That's what led me to go back in to have more testing in March of 2017. They said, "Kimberly, you are a candidate to have a second surgery."
What did they recommend?
Through the stereo EEG, they found that, yes, it was possible to further resect the left insula area. However, there was another [seizure-causing] area that, if Dr. Chang had resected it, could have caused me to lose cognition and linguistic ability for the rest of my life.
Dr. Chang said, "Kimberly, because of that, we can't resect this area. So you are a candidate to have a NeuroPace RNS device implanted in your skull." And he did that, as well, for the second surgery in May 2017.
The device is working 24 hours, seven days a week. If it senses seizure activity, it will send off signals to try to stop the seizure from blossoming. That's the word they use: blossoming. When it's doing this, I can't feel it. I have no idea it's going off.
The NeuroPace can be adjusted for better seizure control. How does this work?
When I have a seizure, I take this [magnet] out and swipe it over my scalp. Then it [instructs the neurostimulator device to record brain activity]. Using a laptop, I can send all the information to Dr. Rao.
This way, when I come in for appointments, he can see when I've had a seizure, he can look at what he sees and what he thinks would be the next, best option to make any changes. When I say he makes changes, they're all external. He doesn't have to do anything invasive; it's all technologically based changes.
Dr. Rao gives me options, and as a patient, you get the final say if you want a change to be made.
It sounds like your life has changed completely since the second surgery.
I have a full-time job, a group of friends. I travel, I work out. I own a car and I drive. My life has gotten even better than it was before I got sick.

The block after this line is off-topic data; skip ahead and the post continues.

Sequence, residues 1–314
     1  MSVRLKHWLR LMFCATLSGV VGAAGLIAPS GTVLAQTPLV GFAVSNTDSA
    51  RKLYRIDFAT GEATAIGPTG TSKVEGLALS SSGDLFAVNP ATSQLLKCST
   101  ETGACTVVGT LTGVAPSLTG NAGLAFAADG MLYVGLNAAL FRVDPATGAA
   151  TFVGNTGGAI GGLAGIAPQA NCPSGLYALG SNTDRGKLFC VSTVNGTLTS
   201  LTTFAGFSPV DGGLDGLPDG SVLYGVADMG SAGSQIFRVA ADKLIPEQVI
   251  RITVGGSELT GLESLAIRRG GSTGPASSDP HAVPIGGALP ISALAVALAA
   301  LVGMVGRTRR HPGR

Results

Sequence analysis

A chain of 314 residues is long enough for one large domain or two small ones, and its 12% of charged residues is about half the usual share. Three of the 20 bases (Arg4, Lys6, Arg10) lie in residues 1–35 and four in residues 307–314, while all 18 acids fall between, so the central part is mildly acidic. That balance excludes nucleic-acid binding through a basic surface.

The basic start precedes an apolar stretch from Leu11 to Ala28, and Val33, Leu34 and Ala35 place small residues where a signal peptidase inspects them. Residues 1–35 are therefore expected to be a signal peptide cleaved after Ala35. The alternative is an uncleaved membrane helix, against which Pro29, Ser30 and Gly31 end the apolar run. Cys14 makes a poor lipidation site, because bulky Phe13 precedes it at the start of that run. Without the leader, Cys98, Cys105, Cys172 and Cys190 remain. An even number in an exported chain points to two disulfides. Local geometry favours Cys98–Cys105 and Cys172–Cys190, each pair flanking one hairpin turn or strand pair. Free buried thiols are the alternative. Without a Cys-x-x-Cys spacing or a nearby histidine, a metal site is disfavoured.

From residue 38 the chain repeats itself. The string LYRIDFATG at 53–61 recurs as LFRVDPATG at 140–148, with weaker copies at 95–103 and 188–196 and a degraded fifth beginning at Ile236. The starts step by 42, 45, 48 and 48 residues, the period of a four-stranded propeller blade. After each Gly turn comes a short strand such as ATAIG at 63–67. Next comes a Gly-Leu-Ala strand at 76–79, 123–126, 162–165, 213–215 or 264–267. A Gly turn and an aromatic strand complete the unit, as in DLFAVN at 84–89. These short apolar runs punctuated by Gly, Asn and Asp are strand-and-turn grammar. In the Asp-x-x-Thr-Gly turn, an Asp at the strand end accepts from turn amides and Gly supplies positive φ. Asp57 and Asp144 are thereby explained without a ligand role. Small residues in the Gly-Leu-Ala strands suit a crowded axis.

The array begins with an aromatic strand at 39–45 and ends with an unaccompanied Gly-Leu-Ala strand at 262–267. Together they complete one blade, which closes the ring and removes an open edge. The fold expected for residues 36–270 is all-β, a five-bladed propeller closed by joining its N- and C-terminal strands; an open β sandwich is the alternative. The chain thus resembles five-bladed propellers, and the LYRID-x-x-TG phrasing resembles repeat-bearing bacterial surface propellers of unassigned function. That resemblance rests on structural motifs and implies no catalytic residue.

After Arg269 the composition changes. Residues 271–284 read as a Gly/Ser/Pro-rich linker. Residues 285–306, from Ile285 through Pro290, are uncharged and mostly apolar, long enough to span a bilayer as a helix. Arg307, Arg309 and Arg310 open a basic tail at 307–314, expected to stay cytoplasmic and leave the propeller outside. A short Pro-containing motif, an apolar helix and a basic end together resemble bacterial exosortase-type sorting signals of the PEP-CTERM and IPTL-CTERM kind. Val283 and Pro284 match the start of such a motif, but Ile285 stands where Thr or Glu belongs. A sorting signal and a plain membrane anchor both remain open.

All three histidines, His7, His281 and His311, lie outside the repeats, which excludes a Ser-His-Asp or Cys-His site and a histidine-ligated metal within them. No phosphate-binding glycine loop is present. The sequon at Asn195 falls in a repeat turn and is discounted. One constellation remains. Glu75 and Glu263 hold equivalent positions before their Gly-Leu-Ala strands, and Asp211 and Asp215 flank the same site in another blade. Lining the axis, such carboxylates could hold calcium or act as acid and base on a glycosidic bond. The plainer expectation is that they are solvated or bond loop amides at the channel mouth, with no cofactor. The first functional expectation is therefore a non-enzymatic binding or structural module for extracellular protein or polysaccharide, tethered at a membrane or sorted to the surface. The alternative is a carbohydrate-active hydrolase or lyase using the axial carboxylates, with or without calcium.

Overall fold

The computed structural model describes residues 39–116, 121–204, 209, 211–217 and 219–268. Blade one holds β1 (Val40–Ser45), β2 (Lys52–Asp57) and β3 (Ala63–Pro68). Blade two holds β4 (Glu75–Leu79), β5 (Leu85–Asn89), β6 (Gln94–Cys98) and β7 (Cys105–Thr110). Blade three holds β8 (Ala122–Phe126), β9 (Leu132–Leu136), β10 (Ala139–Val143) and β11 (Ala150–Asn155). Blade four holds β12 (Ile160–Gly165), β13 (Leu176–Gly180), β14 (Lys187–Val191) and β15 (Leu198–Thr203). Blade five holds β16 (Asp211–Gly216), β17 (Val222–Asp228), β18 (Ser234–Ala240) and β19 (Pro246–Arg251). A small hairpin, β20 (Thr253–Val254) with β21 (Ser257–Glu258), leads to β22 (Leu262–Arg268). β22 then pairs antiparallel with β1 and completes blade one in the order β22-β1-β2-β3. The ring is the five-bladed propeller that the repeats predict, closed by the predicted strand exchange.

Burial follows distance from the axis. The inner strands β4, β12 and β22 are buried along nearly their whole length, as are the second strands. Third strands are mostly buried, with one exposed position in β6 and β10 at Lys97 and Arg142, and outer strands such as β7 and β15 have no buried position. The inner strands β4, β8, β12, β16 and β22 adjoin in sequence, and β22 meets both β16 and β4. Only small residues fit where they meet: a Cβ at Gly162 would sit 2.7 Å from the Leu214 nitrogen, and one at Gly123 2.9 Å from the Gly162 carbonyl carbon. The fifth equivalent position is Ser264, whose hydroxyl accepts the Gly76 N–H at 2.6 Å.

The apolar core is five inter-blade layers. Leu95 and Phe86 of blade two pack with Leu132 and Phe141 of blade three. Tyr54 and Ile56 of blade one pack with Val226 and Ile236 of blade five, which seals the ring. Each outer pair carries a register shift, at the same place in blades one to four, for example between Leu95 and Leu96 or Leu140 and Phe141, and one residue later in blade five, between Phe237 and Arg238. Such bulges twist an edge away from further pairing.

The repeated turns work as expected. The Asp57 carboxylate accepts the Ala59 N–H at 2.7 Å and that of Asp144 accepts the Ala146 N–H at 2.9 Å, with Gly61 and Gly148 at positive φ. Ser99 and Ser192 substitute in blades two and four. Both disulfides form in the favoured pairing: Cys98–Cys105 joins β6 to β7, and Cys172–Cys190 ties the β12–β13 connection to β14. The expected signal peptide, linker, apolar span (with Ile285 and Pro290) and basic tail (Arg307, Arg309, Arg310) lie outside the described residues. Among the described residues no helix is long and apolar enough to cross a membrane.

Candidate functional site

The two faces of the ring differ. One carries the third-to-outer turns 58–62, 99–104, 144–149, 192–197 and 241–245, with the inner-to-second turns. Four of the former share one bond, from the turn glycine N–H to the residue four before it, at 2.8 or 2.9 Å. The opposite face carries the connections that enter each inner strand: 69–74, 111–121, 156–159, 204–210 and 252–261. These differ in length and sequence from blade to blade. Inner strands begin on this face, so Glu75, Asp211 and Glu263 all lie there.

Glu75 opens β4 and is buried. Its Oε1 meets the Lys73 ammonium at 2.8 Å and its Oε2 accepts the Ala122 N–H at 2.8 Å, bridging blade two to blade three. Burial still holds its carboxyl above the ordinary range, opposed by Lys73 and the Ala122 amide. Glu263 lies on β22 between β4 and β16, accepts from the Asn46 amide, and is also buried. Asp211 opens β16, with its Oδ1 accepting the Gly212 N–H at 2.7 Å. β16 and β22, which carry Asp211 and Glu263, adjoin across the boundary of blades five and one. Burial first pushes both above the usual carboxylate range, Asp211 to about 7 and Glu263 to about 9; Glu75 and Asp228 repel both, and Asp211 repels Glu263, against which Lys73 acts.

Do you still have seizures?
Maybe, at the most, five per month.
My seizures have significantly reduced in frequency and intensity. [They] last up to two minutes. When I do have a seizure, I am completely awake and aware, and I can move and even walk. If I'm having a conversation, nobody can tell I'm seizing at all. I have not lost consciousness in more than two years.
Now I don't have postictal [post-seizure] symptoms. A lot of the seizures I had, especially the complex partial seizures, I felt like I had the flu the following day.
It must be such a relief.
It's a whole different world, and I'm amazingly grateful for all the support that I've had – from doctors, family, friends. People haven't given up.
After the second surgery, I got back out into the social world. I had to let my brain heal, right? It wasn't easy. But I didn't give up, and I did a lot of that [healing] through volunteering. I am volunteering at UCSF's children's hospital.
I'm forever grateful for everything that the doctors have done because my seizures are now reduced and I live my life without worrying about them. And having this device, I know that I'm not dealing with epilepsy alone.
What is it like to have such a long-term relationship with UCSF's epilepsy team?
UCSF is one of the most amazing hospitals that I've been to. I go in and feel like I'm at home. I feel like they're family to me.